The final damning piece of evidence that proves Timecop was designed solely and specifically to cause me pain arrives after the octoboss, as you're forced into side-scrolling shooter segment, piloting the dorkiest-looking submarine ever to sink beneath the ocean waves through a sparse field of underwater mines and the final remnants of the now-extinct octopus species. You may have noticed that your submarine is ridiculously large, so you won't be shocked to learn that this is no Gradius-style thrill ride of near-misses and daring piloting manoeuvres between deadly obstacles. It's boring, is what it is. Very, very boring and very, very ugly. Bitter experience has taught me that you should try to avoid saying "I could do better than that" lest someone call you on it, but in this case I am one hundred percent certain that I could design a more interesting submarine than that. I have designed a more interesting submarine than that, I had some Underwater Lego when I was a kid. My Lego submarines will have had fins and rocket launchers and thematically inappropriate decorations taken from the Castle sets, which would obviously be a clear improvement on whatever this thing is supposed to be.
That's more like it: a good, sensible plan to gain vast wealth using the power of time-travel. A little prosaic for a mad scientist named Professor Kleindast who dresses like an alien ambassador from a severely underfunded episode of Star Trek, but reasonable enough. Hang on, New York 1929? This stage is going to be Mafia-themed, isn't it?
I suddenly have a newfound appreciation for Empire City 1931.
Having become tired of running extortion rackets and illegal gambling, the New York mob have returned to what they love doing best: leaning out of windows and taking pot-shots at anyone who happens to be passing. The really lucky gangsters get to lean out of the window of a moving car, which must be terrible exciting for them, their tongues flapping as the breeze ruffles their fur. No, wait, that's dogs. The upshot of facing all these snipers is that I found out Walker can aim his gun upwards. Who knew? Not me, but then again I'd never had a reason to try shooting upwards until I reached this stage.
And what a stage it is, another flat and featureless area packed with enough hard-to-hit enemies to send the fun-o-meter's needle crashing from "boring" to "frustrating." Most of the action takes place in New York's famous newsstand and drugstore district - yes, if you're ever in the Big Apple, make sure you stop by this historic part of the city and you'll never worry again about where your next bottle of aspirin or celebrity gossip magazine is coming for because there's a drugstore or a newstand literally every twenty feet!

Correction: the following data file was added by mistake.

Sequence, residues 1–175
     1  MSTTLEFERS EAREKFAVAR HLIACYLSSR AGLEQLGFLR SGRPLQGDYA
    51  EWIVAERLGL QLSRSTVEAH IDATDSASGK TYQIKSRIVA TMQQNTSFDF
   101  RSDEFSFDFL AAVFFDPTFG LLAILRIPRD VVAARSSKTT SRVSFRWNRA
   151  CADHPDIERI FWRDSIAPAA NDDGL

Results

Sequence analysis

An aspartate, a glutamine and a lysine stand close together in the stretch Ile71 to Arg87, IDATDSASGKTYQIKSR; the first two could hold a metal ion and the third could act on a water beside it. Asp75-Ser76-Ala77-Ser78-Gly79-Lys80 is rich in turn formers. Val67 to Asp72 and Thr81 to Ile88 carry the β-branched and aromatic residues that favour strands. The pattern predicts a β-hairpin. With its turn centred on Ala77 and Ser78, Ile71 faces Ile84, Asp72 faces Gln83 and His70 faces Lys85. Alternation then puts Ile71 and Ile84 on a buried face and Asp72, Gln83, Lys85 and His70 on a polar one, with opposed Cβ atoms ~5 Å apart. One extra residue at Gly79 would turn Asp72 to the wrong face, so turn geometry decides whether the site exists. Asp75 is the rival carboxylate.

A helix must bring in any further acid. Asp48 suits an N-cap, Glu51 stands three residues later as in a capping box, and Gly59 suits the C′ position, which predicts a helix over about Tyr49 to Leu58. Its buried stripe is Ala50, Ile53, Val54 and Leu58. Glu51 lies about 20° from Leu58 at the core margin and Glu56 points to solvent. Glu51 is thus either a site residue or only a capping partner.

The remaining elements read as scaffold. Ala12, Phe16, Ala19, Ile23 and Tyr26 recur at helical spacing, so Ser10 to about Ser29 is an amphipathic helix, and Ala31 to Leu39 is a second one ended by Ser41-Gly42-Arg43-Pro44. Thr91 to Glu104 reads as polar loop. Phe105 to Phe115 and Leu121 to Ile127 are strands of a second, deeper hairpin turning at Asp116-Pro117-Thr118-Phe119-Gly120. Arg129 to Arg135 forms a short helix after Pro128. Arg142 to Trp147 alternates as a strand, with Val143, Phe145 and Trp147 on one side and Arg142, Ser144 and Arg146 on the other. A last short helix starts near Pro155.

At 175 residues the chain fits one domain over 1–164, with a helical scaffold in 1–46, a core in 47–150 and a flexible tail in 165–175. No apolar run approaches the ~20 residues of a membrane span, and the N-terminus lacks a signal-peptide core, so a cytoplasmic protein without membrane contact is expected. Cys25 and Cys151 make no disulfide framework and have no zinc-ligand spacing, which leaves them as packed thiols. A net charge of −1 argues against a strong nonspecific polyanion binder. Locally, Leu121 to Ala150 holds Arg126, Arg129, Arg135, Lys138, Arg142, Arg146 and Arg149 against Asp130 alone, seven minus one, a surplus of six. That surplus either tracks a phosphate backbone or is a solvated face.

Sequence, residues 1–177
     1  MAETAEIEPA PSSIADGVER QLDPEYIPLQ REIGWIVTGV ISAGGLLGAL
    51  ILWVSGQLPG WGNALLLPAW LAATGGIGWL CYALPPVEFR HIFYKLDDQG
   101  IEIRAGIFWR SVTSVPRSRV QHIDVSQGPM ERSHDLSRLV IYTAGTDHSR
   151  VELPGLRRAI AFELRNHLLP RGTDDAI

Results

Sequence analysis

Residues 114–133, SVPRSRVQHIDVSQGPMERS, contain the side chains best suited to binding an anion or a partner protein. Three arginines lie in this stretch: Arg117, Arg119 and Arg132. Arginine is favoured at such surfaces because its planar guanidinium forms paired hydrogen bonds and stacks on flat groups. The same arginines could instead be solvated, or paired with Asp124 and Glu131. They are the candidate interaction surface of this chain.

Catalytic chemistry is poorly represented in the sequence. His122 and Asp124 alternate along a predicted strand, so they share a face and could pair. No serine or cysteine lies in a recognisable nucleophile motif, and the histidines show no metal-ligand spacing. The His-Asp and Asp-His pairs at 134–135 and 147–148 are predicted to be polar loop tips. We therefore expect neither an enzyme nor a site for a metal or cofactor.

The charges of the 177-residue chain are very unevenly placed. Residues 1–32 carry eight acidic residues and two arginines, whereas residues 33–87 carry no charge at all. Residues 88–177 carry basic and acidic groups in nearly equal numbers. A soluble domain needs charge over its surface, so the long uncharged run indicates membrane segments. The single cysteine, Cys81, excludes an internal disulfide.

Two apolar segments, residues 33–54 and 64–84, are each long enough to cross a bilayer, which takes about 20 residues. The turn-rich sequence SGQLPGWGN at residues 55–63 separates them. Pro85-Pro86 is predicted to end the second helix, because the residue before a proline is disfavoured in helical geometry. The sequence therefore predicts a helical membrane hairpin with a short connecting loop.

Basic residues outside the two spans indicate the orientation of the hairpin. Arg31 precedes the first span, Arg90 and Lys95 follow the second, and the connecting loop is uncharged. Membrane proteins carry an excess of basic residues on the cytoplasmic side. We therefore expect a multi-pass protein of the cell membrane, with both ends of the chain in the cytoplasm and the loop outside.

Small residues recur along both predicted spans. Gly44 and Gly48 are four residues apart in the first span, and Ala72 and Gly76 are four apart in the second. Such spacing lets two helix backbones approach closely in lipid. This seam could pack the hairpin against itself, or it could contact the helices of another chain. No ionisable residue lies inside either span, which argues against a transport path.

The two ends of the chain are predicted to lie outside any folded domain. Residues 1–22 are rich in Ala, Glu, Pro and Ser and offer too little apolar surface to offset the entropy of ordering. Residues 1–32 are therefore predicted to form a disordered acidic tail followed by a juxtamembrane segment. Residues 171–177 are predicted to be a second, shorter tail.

After a couple of fairly long stages spent roaming the streets of New York, Walker finds himself in the not-at-all-suspiciously named Kleindast Brokerage Bank. I suppose when you command the very power of time itself you don't need to worry so much about keeping your history-altering plans hush-hush, but Kleindast said he wanted to have a duel of wits against Walker, didn't he? A very small duel, it seems. Like, a thumb war of wits. A game of Snap of wits.
The multi-storied level "design" of the first couple of stages has returned, and it makes a welcome change from the tedium of recent levels in the the same way that developing spontaneous blindness is a welcome change from watching your parents have sex. It at least evens out the wear on the left and right buttons of my d-pad.
There's a boss at the end of the stage - a bipedal robot so ugly that I honestly thought there was a problem with its sprite, a graphical glitch, but no. It's supposed to look like that. I mean, I'm sure the artists didn't intend to create a robot so dorky that even C3PO would beat it up for it's dinner money, but that is how the finished sprite was meant to be displayed.
The robot jumps across the screen and then walks around near you on the off-chance that you'll collide and Walker will take damage, so make sure you duck under the robot when it jumps and crouch-kick it when you get the chance until it explodes. Truly, a duel of wits rarely seen outside the stories of Holmes and Moriarty!
Now Walker finds himself in the Second World War, because every time-travel game has to have a level where you fight against Nazis. Kleindast has gone back to 1944 to help the Nazis win the war, which is a helluva step up on the Ladder O' Evil from getting rich by manipulating the stock market. Kleindast hasn't left himself anywhere to go with that move, once you've become a Literal Nazi it's difficult to become more evil short of destroying the entire planet.
As for the stage itself, the briefing says that Kleindast has given the Germans advanced weaponry. This is a bare-faced lie. The Nazis have the same pitiful guns that fire the same slow-moving videogame projectiles as always, and their mortars are so weak that they barely have the velocity required to reach Walker's chest, never mind enemy lines. So Kleindast is a good guy after all, then? A double agent, a saboteur? Maybe history will vindicate Kleindast in hindsight.